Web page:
California just upped the minimum wage for fast food workers to $22 an hour

The change is part of a big workers’ rights package signed by Gov. Gavin Newsom.

Fast food workers and their supporters march past the state Capitol calling on passage of a bill to ...
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Working in fast food has always been stigmatized as a job for teenagers or college kids home for the summer instead of an industry that workers can make a living in. This, despite the fact that most people who work in the industry are adults, and nearly 1 in 4 have some type of college degree already. In California, fast food workers are finally going to be treated as the essential cogs of the economy that they are: On Labor Day, California Gov. Gavin Newsom (D) signed into law the Fast Food Accountability and Standards Recovery Act, which will raise the minimum wage for these workers and provide new, industry-wide protections.

Under the law, fast food workers in California will be guaranteed a minimum wage of $22 per hour, which will go into effect starting in 2023 — a significant boost over the state’s current minimum wage of $15 per hour. In 2024, fast food companies will be required to continue increasing the minimum wage to keep up with inflation.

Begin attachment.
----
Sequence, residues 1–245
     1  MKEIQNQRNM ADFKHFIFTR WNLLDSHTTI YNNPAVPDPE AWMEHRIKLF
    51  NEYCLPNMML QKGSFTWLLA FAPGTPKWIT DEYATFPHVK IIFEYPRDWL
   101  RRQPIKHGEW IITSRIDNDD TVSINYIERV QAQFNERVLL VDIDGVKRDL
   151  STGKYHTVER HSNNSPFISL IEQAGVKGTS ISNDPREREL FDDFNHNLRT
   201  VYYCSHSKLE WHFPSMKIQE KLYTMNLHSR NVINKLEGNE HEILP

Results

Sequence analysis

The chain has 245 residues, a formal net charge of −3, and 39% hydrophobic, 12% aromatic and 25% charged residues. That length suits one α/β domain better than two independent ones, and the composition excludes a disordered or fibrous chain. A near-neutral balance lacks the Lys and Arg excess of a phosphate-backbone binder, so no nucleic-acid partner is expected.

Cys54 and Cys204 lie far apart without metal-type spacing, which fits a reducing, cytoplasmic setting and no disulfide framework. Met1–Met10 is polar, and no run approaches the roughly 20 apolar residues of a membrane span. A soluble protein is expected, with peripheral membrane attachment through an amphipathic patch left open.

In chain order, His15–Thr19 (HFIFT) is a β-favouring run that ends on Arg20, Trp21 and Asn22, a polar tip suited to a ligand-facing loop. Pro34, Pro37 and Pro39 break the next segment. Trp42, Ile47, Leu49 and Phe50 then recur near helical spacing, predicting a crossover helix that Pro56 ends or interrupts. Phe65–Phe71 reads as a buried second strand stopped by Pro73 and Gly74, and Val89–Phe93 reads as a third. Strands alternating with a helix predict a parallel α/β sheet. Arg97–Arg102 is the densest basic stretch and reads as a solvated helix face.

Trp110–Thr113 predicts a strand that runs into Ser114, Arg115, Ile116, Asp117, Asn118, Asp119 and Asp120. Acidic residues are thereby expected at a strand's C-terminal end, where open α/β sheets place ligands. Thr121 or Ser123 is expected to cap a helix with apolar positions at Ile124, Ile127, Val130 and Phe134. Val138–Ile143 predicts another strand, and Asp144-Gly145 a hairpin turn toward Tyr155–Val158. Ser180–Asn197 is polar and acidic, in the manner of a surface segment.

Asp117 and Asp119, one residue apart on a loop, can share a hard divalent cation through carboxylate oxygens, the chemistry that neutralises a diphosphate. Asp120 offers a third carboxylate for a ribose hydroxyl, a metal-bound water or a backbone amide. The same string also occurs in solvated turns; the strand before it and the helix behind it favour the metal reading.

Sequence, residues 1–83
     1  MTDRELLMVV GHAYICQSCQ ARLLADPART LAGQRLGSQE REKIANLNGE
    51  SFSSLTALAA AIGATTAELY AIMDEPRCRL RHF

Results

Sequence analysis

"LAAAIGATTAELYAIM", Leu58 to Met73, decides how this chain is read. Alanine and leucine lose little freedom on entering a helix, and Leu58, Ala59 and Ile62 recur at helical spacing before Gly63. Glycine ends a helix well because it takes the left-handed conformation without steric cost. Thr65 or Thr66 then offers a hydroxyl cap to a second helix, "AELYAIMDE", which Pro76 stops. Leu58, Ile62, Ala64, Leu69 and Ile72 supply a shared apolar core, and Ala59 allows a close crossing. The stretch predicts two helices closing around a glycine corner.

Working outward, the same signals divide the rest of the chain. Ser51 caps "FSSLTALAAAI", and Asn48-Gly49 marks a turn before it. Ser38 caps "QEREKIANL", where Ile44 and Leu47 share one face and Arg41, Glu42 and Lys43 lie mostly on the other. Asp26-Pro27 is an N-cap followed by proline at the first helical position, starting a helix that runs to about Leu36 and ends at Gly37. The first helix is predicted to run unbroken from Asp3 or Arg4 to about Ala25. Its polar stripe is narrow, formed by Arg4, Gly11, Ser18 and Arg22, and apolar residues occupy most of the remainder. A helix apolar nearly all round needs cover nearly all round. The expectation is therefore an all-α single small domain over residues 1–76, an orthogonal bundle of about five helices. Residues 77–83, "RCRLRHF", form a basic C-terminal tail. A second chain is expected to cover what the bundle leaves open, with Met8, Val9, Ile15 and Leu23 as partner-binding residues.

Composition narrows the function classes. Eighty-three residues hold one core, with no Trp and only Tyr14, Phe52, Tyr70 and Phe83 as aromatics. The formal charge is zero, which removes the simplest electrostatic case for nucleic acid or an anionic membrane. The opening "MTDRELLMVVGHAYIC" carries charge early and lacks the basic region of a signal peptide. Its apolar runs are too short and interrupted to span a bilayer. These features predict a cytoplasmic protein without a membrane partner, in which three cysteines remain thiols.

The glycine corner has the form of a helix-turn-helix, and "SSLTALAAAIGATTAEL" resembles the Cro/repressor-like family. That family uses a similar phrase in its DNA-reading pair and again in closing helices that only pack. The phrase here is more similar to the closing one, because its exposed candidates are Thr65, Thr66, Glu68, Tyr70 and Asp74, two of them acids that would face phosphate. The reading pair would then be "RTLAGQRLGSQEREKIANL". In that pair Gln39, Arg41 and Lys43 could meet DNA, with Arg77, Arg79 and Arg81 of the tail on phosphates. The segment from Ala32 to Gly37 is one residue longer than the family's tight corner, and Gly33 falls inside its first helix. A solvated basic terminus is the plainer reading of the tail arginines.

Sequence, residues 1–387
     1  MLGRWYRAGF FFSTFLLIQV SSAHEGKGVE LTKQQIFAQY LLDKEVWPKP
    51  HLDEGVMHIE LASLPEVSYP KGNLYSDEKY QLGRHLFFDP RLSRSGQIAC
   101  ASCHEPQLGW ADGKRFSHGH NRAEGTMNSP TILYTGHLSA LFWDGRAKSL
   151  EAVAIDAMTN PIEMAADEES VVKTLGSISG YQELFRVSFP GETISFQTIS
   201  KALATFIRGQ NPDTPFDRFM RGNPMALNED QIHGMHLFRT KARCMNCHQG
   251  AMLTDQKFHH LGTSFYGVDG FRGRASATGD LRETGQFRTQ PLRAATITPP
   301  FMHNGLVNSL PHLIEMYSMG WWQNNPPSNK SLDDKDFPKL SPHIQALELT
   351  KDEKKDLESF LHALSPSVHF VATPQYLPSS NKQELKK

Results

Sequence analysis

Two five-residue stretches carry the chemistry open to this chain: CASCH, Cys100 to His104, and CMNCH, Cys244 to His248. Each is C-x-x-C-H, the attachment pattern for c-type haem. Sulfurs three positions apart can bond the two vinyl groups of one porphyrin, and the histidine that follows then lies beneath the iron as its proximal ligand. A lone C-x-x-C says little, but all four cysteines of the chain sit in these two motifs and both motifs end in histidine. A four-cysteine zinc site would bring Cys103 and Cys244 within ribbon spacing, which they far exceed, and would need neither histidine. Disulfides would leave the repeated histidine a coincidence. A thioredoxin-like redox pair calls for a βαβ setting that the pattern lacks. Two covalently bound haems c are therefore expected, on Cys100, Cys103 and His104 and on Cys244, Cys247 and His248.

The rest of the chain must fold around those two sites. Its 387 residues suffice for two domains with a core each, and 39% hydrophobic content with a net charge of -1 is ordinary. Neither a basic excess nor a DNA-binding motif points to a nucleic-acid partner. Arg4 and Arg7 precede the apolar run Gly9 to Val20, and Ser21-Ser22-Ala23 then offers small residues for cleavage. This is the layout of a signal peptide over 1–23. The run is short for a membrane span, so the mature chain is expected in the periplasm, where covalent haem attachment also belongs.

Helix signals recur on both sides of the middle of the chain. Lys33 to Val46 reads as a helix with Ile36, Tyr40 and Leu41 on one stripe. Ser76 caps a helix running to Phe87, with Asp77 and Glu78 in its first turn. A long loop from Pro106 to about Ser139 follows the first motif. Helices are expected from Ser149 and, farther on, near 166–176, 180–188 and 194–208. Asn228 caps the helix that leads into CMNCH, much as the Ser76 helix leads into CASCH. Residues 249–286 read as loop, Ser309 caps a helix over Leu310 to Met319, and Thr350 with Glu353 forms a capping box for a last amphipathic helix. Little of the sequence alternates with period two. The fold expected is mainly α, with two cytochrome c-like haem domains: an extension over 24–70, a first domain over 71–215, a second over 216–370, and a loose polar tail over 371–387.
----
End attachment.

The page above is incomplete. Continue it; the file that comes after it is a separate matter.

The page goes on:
The law will also create a Fast Food Council, which will be made up of 10 members, including representatives of fast food workers and officials from state labor and health agencies, to establish new standards for working hours, workplace conditions, and health and safety expectations.

On top of that, the law will provide new protections for workers who seek to unionize their workplace. The fast food industry has one of the lowest unionization rates of all industries, with just 3.4% of workers represented by a union. The new law in California could spur a major organizing effort, as fast food workers have seen their wages lag behind other industries within the state and have experienced significant abuse and neglect. Half of all fast food workers in the state have reported experiencing verbal abuse, and more than 2 in 5 said they have experienced injury or illness in the workplace in the last year, according to research conducted by the UCLA Labor Center.

The new law in California represents a major victory for sectoral bargaining, which offers a path forward for negotiating. An employer might be able to stomp out their employees forming a union within their workplace, but they have much less leverage in an industry-wide negotiation. It helps to have lawmakers behind these efforts, as was the case in California, but ideally these standards (and negotiating tactics) will spread beyond the state.